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Is Israel Doing Enough To Care For The Mental Health Of ‘Lone Soldiers’?

JERUSALEM — The call to attend the funeral went out on social media. Alex Sasaki, a 27-year-old IDF combat soldier from Laguna Beach, California, was to buried in Jerusalem on March 28 after an apparent drug overdose. His unit was serving on the border with Gaza as tensions were ratcheting up between Israel and Hamas and all leave had been cancelled. His friends worried attendance would be sparse.

They need not have been concerned. More than a thousand mourners came to the ceremony at Mount Herzl. At the funeral his mother Shelley’s voice broke as she thanked everyone for coming.

“He loved his service, and he loved Israel, his real home,” she said, sobbing.

Though Sasaki’s death is thought to be accidental, it comes in the midst of what one advocate says is a spate of suicides of so-called lone soldiers, who have no family in Israel. Now, some former soldiers and their families are asking whether the army does enough to ensure the mental health of lone soldiers during and after their service.

“The lone soldier program in theory is a beautiful idea, but in practice it’s killing people,” said Liami Lawrence, the founder of KeepOlim, an NGO that offers support for new immigrants in Israel. “A lot of these soldiers lie about their backgrounds to come into the army. A lot have had drug problems in the past. Not everybody leaves their baggage at airport before they move to Israel and starts a brand-new page.”

Lawrence says that Sasaki is the third lone soldier to die in the past four months, and that the previous two deaths were suicides.

Statistics are hard to find. Organizations advocating for lone soldiers say at least ten have killed themselves during and just after their army service in the past few years. In a statement, the army said only one lone soldier committed suicide in 2018.

Army statistics report that ten soldiers in the entire armed forces are suspected of committing suicide in 2018, as compared to 17 the previous year. A total of 43 soldiers died or were killed in 2018. The army does not distinguish between regular soldiers and lone soldiers. The army insists it is doing what is needed for all soldiers’ mental health, and said media reports have been exaggerated.

“There are about 6,500 lone soldiers in the IDF and each is dealt with individually by his commanders and the social welfare officers,” the army said in a statement in Hebrew. “They have a variety of tools to deal with all of the lone soldiers’ needs. Each commander must visit each lone soldier under his command in his home within a month of the beginning of his service, in addition to a meeting with him every six months.”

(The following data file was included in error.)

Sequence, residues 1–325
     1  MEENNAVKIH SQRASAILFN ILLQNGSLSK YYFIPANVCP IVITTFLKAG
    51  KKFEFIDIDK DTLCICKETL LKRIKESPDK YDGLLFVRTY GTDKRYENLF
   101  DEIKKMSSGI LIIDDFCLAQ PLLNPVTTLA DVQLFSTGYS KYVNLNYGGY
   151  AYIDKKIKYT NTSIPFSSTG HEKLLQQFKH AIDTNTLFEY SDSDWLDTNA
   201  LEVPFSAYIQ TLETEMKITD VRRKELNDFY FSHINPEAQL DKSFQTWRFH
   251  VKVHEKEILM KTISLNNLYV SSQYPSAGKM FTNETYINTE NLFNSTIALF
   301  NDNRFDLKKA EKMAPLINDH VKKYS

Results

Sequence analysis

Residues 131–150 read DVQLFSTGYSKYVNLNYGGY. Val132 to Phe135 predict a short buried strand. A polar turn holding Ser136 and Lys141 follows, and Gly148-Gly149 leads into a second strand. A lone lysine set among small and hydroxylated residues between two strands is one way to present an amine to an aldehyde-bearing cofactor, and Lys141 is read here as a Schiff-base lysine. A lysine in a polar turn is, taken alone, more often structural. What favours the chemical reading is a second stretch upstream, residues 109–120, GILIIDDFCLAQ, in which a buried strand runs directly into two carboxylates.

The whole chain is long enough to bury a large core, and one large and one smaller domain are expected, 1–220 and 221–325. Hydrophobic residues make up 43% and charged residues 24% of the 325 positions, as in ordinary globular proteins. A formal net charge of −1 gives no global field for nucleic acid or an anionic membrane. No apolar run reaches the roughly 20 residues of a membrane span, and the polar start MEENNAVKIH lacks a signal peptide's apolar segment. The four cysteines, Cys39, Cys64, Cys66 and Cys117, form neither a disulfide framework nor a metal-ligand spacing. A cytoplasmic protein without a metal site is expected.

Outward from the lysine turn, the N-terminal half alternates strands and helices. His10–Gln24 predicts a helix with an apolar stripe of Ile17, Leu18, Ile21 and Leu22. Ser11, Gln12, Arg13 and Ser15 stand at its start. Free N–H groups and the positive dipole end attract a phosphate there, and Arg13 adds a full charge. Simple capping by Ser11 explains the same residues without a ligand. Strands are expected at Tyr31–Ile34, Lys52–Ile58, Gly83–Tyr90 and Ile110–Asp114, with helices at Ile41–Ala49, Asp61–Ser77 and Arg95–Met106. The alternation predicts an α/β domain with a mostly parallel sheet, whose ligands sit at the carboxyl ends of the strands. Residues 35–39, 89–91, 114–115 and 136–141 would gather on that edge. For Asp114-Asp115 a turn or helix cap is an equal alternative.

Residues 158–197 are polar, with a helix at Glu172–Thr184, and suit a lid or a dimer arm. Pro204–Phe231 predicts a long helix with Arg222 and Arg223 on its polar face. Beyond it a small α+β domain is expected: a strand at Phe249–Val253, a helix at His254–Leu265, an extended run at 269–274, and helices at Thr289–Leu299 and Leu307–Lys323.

Of the 6,500 lone soldiers, about half are Israelis who are from low-income or broken homes, or are formerly ultra-Orthodox who have broken away from their families. The other half are immigrants, with a majority coming from the US. Lone soldiers can choose between living in a lone soldier house similar to a dormitory, living on a kibbutz, or having the army subsidize rent on an apartment.

Lawrence said that in the army, all soldiers, especially combat soldiers, are under a lot of pressure. Most soldiers go home on the weekends, where their parents do their laundry and spoil them. If they are having mental health issues their parents can usually spot it. Lone soldiers often have no one to go home to.

Lawrence said he received phone calls from 70 suicidal new immigrants last year, and 4 in just the past week. He meets them personally and often helps them get admitted to a hospital for treatment. All four of the recent calls have been hospitalized, he said.

Israel’s main suicide prevention hotline, Eran, has operators only in Hebrew and Arabic. Lawrence is currently raising money for a hotline and trained therapists in English, Spanish, French and Russian.

He also said that some parents see Israel as a panacea and believe that coming to Israel and joining the army will solve all of their problems. He said the army must do better screening and do more to take away the stigma of mental health issues.

The army has worked to decrease the number of suicides by soldiers who use their guns to commit suicide. If a soldier says he is suicidal, army procedure is to take away his gun so he can’t harm himself.